High-level Iranian and Saudi visits to Moscow raise speculation

Iranian Foreign Minister Mohammad Javad Zarif and Russian Foreign Minister Sergey Lavrov attend a press conference at the Russian Foreign Ministry's guest house in Moscow, on August 17, 2015. Source: Getty Images / Fotobank

Iranian Foreign Minister Mohammad Javad Zarif and Russian Foreign Minister Sergey Lavrov attend a press conference at the Russian Foreign Ministry's guest house in Moscow, on August 17, 2015. Source: Getty Images / Fotobank

Recent visits to Moscow by the Iranian and Saudi foreign ministers, alongside talks with representatives of the Syrian opposition, have raised speculation that Russia could be acting as a mediator between Iran and Saudi Arabia as the lifting of sanctions on Tehran leave the situation in the Middle East in a state of flux.

Russian Foreign Minister Sergei Lavrov and his Iranian counterpart Javad Zarif recently met in Moscow to discuss the development of relations between the two countries in the new international environment, following the signing of an agreement between Iran and the P5+1 major world powers.

On the eve of this visit to the Russian capital, the Foreign Minister of Saudi Arabia, and representatives of the Syrian opposition also came to Moscow for meetings. However, opinion is divided on whether Moscow is acting as an unofficial mediator between Iran and Saudi Arabia.

The meeting between Lavrov and Zarif was held on Aug. 17 in fundamentally new international circumstances, when the signing of an agreement between Iran and the P5+1 major world powers (the U.S., Russia, China, Britain, France, plus Germany) has led to the creation of conditions for the lifting of longstanding Western sanctions against Tehran.

One of the main topics of the talks concerned the implementation of the Plan of Action on Iran’s Nuclear Program. As it was stressed at the press conference, Russia will be playing a key role in the implementation of the plan.

In particular, Russia will remove Iran’s stockpiles of low-enriched uranium in exchange for natural uranium, as well as assist in developing the production of stable isotopes at the Iranian nuclear facility in Fordow. The Russian Federation will also build another eight nuclear reactors in the Islamic Republic.

“This is a very promising and significant direction, which will increase the supply of energy in Iran, while at the same time ensuring full compliance with non-proliferation, and also respecting Iran’s right to have a peaceful nuclear program,” said Sergei Lavrov.

 

Syria in the spotlight

One of the main topics of the meeting was the situation in the Middle East. Asked about Russia’s position as to the future of Syrian President Bashar al-Assad, Lavrov said that his country’s position remains the same as it was at beginning of the crisis, and that the fate of the Syrian president must be addressed only after the crisis is resolved.

“We have always advocated that the fate of Syria should be decided by the Syrians themselves – without outside intervention, without any preconditions, without any quick fixes being imposed by external players, from anywhere in the world,” said Lavrov.

Javad Zarif noted that the positions of Iran and Russia coincide on this point. “The only way to solve the Syrian crisis is through political dialogue,” he said.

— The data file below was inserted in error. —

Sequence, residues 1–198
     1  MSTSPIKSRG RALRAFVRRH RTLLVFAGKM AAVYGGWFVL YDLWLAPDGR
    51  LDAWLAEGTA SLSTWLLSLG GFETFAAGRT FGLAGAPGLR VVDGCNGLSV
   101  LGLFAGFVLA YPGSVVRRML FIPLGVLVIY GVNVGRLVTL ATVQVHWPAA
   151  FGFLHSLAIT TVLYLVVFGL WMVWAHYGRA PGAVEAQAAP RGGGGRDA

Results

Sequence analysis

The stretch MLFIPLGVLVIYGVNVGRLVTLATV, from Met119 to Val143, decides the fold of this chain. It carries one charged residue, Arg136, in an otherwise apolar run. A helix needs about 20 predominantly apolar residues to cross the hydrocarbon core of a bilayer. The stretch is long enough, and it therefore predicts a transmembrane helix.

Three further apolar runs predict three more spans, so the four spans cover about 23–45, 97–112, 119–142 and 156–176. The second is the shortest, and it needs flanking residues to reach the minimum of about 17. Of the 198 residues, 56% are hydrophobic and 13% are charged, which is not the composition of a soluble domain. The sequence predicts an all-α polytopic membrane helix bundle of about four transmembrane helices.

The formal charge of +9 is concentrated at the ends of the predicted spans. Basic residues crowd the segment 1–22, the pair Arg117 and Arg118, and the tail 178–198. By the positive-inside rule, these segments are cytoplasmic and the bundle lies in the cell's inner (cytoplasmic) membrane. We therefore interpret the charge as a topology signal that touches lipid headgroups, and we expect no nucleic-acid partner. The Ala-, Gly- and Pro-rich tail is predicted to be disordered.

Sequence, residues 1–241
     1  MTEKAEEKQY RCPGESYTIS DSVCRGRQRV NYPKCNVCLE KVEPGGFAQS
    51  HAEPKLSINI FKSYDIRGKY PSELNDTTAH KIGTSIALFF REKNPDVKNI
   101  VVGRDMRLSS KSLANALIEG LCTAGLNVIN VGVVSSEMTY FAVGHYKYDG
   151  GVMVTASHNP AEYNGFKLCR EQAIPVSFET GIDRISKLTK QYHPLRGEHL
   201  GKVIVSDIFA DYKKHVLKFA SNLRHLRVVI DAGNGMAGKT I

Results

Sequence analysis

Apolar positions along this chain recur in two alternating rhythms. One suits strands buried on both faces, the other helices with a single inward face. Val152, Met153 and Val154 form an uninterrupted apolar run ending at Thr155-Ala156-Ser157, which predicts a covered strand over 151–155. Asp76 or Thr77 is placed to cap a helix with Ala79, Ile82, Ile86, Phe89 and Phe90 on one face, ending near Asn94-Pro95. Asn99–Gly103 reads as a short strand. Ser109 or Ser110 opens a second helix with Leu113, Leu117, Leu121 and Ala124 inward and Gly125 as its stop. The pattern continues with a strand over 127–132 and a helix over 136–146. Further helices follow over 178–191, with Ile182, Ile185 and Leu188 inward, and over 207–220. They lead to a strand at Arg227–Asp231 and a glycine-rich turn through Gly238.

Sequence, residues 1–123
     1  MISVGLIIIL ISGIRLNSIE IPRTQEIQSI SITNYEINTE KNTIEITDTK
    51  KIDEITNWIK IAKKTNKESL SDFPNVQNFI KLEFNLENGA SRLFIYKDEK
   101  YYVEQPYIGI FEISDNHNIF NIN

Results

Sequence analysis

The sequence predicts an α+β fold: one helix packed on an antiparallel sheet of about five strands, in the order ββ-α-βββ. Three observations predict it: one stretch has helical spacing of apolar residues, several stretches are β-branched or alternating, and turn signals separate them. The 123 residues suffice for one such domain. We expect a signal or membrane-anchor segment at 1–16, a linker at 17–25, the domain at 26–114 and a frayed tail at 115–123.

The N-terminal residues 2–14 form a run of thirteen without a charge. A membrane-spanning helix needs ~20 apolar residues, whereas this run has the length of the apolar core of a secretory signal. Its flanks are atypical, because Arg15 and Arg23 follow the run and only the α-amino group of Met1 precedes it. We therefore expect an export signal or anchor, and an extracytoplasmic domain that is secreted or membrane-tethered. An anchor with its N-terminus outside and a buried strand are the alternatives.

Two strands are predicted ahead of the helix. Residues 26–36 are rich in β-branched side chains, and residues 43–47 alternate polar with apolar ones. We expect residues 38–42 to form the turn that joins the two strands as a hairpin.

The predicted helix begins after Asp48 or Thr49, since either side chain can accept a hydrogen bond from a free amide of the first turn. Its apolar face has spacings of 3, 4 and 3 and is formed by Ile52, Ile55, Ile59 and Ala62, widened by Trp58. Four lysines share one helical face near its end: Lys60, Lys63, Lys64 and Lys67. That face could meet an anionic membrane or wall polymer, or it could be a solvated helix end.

Backroom deal with Saudi Arabia?

Shortly before Zarif’s visit, (on Aug. 11 and 14, respectively) Moscow was visited by the Minister of Foreign Affairs of Saudi Arabia Adel al-Jubeir and representatives of the National Coalition for Syrian Revolutionary and Opposition Forces. This gave grounds to rumors of a possible mediation role being played by Moscow, which has repeatedly stated its desire to reduce tensions in the region arising due to events in Syria.

Nevertheless, some Russian experts do not agree with this take on the situation. Yevgeny Satanovsky, president of the Institute of the Middle East, told RBTH that “the fact that Sergei Lavrov met with the foreign ministers of Saudi Arabia and Iran, as well as with the head of NCSROF in just six days – is pure coincidence.”

According to him, Saudi Arabia is simply unable to agree on anything with the Iranian Shiites due to religious differences, and hence, in principle, Russia cannot act as a mediator.

However, Andrei Baklanov, former Russian Ambassador to Saudi Arabia, and now deputy chairman of the Association of Russian Diplomats, did not rule out the possibility that Moscow is trying to ease tensions in Saudi-Iranian relations. Nevertheless, he believes that Russia currently does not have sufficient resources to act as an intermediary between Iran and Saudi Arabia.

“Yes, in the future, under certain circumstances, this should be possible, but the required conditions for this do not exist at the moment,” said the former diplomat.

He added that Russia would certainly like to see a reduction in the level of tensions in the region: “Russia proceeds from the point of view that relations between the two key players in the region should not be directed at confrontation – and so our country’s leadership is taking the appropriate measures.

“The results so far have not been impressive, since, as the Foreign Minister of Saudi Arabia Adel al-Jubeir clearly stated – ‘the positions of Iran and Russia on Syria differ from the position of Saudi Arabia. Nevertheless, the general background of relations in the region could improve if we continue to work in this direction.’”

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